Frederick Herzberg Employee Involvement Theory

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1.0 EXCECUTIVE SUMMARY

Employee involvement programs are designed and implemented with a view to increase the productivity and also to create a good sync between employees and management. Even though such programs incur high costs, the long term implications of such programs are always positive. Employee involvement programs are usually opposed by unions with a belief that it can create a threat to the existence of unions. Such programs act as intrinsic motivation to the employees. It till also reduce the distance between management and employees and establishes a good relationship. Such programs helps employees to identify with organizational goals which in turn result in increased organizational commitment, job involvement, job satisfaction,
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It is also the most complex resource to manage. Hence it is very important for an organization to manage this resource efficiently. An organization should understand that human resource if managed prudently can take the organization to great heights. The employee involvement programs offered by companies can be looked upon as a way to motivate the employees to perform high standard work. That takes us to the Two-Factor Theory proposed by Frederick Herzberg. Here he had introduced two terms ‘satisfiers’ and ‘dissatisfiers’. The dissatisfiers are the factors that should be present in an organization and without it the employees will not work i.e. these are the basic requirements for the employees to work. An example of a dissatisfier can be salary. A satisfier is something extra given to the employee to embark the intrinsic factors that make him want to work i.e. it is something that the employee does not expect but if given will make him happy. The two factor theory relates intrinsic factors to job…show more content…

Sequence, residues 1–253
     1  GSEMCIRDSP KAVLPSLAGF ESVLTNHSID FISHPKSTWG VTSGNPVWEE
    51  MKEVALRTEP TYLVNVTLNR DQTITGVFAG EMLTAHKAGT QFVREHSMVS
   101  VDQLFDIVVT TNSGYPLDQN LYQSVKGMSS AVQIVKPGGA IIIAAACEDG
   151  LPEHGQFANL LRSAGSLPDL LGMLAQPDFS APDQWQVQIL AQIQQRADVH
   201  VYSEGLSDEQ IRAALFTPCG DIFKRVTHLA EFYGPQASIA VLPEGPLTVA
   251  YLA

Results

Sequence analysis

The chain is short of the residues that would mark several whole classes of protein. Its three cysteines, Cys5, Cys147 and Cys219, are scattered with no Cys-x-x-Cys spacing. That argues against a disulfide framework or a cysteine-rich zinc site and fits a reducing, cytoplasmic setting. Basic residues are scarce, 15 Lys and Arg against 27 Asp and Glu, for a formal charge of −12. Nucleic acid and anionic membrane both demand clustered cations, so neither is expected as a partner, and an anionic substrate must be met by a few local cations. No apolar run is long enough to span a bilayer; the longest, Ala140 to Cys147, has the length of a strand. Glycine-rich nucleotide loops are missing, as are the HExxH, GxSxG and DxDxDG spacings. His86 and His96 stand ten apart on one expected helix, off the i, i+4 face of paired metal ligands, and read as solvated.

This program also aimed in empowering the employees to initiate improvements in their own workplace. British Rail was a large organization with 130000 employees and highly complex formal bureaucracy with autonomous functional departments. In this firm the program 'partnership for progress' aimed at changing the culture to decentralization from centralization rather than an employee involvement program. Such programs helps the employees to identify the goals of the organization with the interest of management rather than inducing commitment among the

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